Edwin Kiptoo caught fellow Kenyan Joyce Chepkirui in the final kilometres of the Dam to Damloop, an IAAF Silver Label Road Race held over 10 miles between Amsterdam and Zaandam, on Sunday (20).
As is traditions at this race, the women set off 6:04 – the difference between the course records – before the men, and there is an extra bonus for the first athlete to cross the line.
Kiptoo made his intentions clear from the outset. While still in Amsterdam, the 27-year-old Kenyan took up the pace and didn’t look back. He was on his own after just two kilometres, chasing the women who had started six minutes earlier.
Defending champion John Mwangangi was the only athlete who had the guts to follow Kiptoo, but even he couldn’t make an impression on his compatriot. Kiptoo reached 5km in 13:48, some 13 seconds ahead of Mwangangi with Wilson Kipsang part of a small group that was a further 13 seconds behind.
Kiptoo was even more impressive in the second five-kilometre section and passed 10km in 27:54, some 26 seconds faster than the 10km PB he set earlier this year in Bangalore.
Kiptoo overtook Chepkirui in the final kilometre to bag the overall winner’s prize of €11,000. The course record of 44:27 was in sight at one point, but Kiptoo was satisfied with his world-leading time of 45:19.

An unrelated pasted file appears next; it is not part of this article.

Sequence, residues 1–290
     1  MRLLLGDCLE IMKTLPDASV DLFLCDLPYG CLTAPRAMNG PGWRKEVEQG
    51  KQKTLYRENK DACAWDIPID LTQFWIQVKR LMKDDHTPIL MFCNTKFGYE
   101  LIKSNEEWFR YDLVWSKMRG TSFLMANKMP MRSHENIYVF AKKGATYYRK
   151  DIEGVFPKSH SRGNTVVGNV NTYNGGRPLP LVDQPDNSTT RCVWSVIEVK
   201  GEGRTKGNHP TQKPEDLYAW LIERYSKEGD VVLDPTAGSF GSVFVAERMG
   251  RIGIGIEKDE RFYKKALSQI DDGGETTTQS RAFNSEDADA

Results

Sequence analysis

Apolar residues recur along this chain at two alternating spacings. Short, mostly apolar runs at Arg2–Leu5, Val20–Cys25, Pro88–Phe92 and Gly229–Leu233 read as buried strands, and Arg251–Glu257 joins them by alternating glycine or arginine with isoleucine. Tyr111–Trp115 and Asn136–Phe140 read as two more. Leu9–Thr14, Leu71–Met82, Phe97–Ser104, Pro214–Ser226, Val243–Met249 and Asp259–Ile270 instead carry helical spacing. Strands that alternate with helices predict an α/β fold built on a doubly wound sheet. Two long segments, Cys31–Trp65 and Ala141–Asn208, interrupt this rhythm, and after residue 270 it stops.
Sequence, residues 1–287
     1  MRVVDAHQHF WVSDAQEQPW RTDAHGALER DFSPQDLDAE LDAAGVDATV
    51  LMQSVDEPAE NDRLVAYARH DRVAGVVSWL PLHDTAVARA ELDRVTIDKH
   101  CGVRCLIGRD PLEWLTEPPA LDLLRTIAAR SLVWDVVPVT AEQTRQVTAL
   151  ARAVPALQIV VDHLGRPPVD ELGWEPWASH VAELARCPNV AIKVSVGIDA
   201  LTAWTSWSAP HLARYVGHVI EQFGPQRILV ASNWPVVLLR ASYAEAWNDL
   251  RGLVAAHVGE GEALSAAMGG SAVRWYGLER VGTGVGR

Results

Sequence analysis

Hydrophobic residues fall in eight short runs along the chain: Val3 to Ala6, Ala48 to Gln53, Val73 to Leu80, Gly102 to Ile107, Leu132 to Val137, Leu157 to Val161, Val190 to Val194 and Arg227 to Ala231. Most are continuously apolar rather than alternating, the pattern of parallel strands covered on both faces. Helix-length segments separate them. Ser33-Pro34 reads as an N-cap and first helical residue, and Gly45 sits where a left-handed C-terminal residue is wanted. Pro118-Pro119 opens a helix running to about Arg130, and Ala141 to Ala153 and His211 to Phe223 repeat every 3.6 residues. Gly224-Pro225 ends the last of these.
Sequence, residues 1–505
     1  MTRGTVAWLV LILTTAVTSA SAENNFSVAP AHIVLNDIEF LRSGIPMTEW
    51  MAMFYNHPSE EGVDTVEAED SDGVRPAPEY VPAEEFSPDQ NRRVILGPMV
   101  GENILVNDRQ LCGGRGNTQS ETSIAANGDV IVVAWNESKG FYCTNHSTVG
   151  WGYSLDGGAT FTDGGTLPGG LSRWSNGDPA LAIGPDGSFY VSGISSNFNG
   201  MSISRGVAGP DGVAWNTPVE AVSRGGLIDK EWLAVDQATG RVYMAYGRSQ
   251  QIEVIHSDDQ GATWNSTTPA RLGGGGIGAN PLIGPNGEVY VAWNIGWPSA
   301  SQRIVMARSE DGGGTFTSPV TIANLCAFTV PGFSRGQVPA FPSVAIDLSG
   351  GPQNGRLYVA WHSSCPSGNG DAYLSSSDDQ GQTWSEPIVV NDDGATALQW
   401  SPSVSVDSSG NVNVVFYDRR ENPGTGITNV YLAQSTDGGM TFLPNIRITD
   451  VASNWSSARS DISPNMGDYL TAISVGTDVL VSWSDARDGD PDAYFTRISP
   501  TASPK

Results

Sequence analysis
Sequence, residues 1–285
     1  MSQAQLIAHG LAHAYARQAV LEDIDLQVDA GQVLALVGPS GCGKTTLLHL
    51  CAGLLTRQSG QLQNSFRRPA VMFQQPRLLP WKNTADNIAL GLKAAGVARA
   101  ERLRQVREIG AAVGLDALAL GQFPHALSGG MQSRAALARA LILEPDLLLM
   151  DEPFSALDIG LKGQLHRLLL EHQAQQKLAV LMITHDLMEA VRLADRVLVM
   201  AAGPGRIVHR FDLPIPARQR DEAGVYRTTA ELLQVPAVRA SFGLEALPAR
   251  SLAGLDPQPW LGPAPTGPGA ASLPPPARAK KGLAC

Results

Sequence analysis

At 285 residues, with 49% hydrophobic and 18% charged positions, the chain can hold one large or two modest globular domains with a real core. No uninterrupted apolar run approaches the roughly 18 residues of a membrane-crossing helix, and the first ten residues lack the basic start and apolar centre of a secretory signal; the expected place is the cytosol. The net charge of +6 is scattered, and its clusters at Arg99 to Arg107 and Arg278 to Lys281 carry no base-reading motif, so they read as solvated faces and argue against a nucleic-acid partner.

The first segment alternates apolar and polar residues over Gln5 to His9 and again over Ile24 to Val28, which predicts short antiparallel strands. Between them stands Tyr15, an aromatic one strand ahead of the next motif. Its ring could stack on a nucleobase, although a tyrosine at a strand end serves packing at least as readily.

“The last kilometres were difficult, as I had started very fast,” said Kiptoo. “But I’m very proud of my victory here.”
Unlike most of the others in the race, Kiptoo doesn’t have any plans to move up to the marathon yet, but he will be one of the pace-makers at next month’s Amsterdam Marathon.
Mwangangi, who also won this race in 2010, was second in 45:58. Yenew Alamirew, a world and Olympic 5000m finalist, was third in 45:58.
Kipsang was seventh in 46:42, but the former marathon world record-holder was not at all disappointed. “It was a good test for me on my way to the New York Marathon,” he said.
In the women’s race, Chepkirui took the lead shortly after the start. In the first five kilometres, Dibaba Kuma, Tilahun Yenenesh and Jackline Chepngeno were still with her as they passed the 5km mark in 16:10.
At the 10km point, reached in 32:05, Chepkirui was still in the lead, but the two Ethiopian athletes were 50 seconds back and Chepngeno couldn’t do more than just follow her compatriot.
“I wanted her to take over, but she couldn’t run any faster,” said Chepkirui, who crossed the line in a world-leading 51:30, just seven seconds behind Kiptoo. “I’m preparing for the Amsterdam Marathon and this was a good test for me.”
Chepkirui won the Honolulu Marathon last year in 2:30:23 and was 10th in Boston this year with a personal best of 2:29:97.
Chepngeno, the 2009 world youth 3000m bronze medallist, was second in 51:34. Kuma was a distant third in 52:52.
Tom Wiggers (49:04) and Kim Dillen (56:35) were the fastest Dutch athletes in the race.
The conditions were excellent with a temperature of 14C at the start and 85% humidity. More than 45,000 runners followed the elite athletes.
Cors van den Brink for the IAAF